You want the good news first? The 26-year-old Stage Door Theatre has moved from Margate, across Broward County, to a gorgeous new $11.6 million playhouse, the 1,100-seat Lauderhill Performing Arts Center. With ample wings and fly space, plus all the bells, whistles and amenities that its former home lacked, the complex should be the envy of every other resident company in South Florida.
To show it off, however, Stage Door has overreached by producing Jerry Herman and Harvey Fierstein’s crowd-pleasing gay family values musical, La Cage aux Folles. The results will do, especially for theatergoers who have never encountered the show before, but the material really calls for more resources and talent than the troupe can muster.
Based on a French stage farce and subsequent 1978 French film, La Cage features two gay male partners, Albin and Georges, the drag queen headliner of a St. Tropez nightclub and its host-owner. Or as Fierstein’s jokey script puts it, “one transvestite and one plain homosexual.”
While Albin is a perpetual drama queen, the show’s actual drama concerns the arrival of Georges’ grown son, Jean-Michel – the product of a one-night fling to see what all the fuss of heterosexuality is about. The boy announces he is about to be married to – gasp! – a girl, and worse yet, to the daughter of a rabidly right-wing politician of the TFM (Tradition-Family-Morality) Party. Suddenly embarrassed by Albin and his campy affectations, Jean-Michel demands that his “mother” be absent from his own home during the prospective in-laws’ visit.
The show is decidedly pro-gay and pro-parent. If anything, it feels quaint these days, where the original Broadway production of 1983 was groundbreaking. Nevertheless, the score by Herman is one of his best, including the angry anthem, “I Am What I Am,” the touching salute to unconventional motherhood, “Look Over There,” and that rousing sing-along ear worm, “The Best of Times.”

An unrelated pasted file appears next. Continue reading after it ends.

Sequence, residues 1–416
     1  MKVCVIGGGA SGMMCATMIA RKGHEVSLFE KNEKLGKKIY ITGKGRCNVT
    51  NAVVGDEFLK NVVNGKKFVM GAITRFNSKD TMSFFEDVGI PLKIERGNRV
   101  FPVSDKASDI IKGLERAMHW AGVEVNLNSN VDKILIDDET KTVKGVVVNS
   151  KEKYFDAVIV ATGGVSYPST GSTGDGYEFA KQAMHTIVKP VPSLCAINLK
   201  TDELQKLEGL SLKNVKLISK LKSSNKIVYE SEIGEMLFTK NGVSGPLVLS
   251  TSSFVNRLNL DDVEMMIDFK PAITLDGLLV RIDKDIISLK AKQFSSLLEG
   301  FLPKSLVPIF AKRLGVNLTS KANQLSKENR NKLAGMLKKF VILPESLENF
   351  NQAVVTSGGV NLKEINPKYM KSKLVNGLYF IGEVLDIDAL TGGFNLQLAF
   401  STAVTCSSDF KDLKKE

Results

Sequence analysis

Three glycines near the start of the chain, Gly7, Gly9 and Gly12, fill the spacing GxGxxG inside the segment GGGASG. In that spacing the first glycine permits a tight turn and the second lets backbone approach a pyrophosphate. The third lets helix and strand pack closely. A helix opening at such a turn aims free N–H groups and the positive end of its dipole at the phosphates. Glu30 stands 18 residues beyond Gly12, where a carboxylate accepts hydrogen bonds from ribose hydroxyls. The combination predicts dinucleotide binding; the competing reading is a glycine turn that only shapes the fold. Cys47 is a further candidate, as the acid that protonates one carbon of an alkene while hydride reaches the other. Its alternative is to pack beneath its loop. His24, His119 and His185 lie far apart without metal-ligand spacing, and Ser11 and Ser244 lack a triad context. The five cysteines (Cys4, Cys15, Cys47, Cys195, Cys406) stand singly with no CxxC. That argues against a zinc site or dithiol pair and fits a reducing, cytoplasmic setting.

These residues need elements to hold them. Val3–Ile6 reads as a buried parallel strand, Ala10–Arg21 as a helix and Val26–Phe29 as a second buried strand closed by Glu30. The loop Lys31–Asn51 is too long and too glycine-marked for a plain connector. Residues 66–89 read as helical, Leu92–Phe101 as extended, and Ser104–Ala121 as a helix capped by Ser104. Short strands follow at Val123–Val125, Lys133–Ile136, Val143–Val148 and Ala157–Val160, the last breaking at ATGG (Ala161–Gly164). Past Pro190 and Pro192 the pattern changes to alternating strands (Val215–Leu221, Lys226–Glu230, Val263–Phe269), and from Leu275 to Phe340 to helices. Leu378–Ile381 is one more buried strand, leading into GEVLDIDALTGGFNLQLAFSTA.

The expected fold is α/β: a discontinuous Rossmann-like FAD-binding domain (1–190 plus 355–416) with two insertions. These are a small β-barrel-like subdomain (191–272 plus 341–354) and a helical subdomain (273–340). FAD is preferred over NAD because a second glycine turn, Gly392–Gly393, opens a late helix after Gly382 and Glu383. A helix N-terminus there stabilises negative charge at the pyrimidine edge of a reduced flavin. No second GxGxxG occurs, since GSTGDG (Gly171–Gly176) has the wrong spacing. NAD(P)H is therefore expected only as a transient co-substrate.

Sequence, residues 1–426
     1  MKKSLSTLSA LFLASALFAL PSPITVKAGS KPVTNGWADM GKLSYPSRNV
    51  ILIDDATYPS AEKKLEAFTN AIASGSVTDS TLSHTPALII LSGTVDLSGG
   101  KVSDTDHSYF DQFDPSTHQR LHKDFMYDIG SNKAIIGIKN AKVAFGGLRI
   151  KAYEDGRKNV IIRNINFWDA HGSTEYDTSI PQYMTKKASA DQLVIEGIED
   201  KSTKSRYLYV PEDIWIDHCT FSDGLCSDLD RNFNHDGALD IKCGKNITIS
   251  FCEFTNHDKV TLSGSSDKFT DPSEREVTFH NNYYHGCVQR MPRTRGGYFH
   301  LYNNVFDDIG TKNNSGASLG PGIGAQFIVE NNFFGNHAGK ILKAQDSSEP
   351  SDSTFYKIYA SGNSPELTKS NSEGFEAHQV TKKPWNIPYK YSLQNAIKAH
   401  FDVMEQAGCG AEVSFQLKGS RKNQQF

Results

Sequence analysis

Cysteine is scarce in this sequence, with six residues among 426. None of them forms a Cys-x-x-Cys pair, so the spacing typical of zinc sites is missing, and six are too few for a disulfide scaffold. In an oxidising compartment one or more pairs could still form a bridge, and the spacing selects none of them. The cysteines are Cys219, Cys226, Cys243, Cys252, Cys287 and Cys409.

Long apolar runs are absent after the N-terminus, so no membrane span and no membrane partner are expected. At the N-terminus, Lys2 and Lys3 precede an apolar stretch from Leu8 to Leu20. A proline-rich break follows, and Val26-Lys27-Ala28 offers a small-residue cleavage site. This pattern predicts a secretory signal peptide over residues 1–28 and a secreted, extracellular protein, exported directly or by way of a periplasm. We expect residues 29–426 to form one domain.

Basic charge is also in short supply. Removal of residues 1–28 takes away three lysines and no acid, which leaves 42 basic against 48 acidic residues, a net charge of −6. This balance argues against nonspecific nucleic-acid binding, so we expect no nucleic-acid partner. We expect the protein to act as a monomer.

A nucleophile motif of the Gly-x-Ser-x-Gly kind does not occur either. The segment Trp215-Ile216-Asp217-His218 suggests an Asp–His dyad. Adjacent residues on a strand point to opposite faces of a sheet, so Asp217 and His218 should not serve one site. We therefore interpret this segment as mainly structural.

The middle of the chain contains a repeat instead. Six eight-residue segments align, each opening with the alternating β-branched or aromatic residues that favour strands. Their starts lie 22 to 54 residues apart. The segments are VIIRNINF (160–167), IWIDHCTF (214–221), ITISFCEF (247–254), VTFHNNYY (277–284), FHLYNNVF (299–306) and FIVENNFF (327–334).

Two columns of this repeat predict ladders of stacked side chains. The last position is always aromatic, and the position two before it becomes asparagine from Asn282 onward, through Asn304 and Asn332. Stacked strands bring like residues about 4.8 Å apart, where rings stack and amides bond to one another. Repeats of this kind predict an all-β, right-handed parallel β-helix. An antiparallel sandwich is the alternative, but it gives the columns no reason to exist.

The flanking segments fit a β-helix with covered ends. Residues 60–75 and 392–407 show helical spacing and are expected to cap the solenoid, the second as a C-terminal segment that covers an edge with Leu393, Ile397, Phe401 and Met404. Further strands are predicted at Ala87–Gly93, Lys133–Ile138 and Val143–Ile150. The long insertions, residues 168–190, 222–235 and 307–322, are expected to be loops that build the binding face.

Still, if ever there were a musical designed for lavish overload, this is it, and the Stage Door version is a few quarts low on extravagance. The chorus of La Cage “showgirls” has been reduced to a mere six members, whose gender is so obvious the show dispenses with the final wig-doffing reveal. There is a droll visual gag when Jean-Michel re-decorates his parents’ apartment to wipe away all clues of their sexual orientation, but set dresser Jameelah Baily never gave it much homoerotica, nor replaced it with much religious iconography.
Heading the cast and making his Stage Door debut is Jamie Michael Parnell (Georges), who moves well and has a more musical singing voice than the role requires. Georges usually is upstaged by the more flamboyant Albin, but here Parnell outshines Larry Buzzeo, whose singing was strained on opening night and whose first act finale was less volcanic than necessary.
Elijah Word is a veteran at playing Jacob the maid, broadly comic yet less of a disconcerting scene stealer than he was in MNM Theatre’s La Cage a year ago. And booming Kat Gold has a few good moments as restaurateur Jacqueline.
Director Bruce Linser, who has had a busy summer (Woody Guthrie’s American Song, Avenue Q) keeps the show in motion, which is no easy task, and gets an able assist from choreographer Danny Durr on the Cagelles’ raucous dance routines. And credit musical director Paul Reekie with the sound he gets from his seven-piece live orchestra, well balanced by engineer Rushnay Henry.
There is plenty to like in this energetic, if uneven, La Cage aux Folles, though it does not live up to the very promising new facility that houses it.
LA CAGE AUX FOLLES, Stage Door Theatre at the Lauderhill Performing Arts Center, 3800 N.W. 11th Place, Lauderhill. Through Sunday, Sept. 23. $48. 954-344-7765 or visit www.stagedoorfl.org.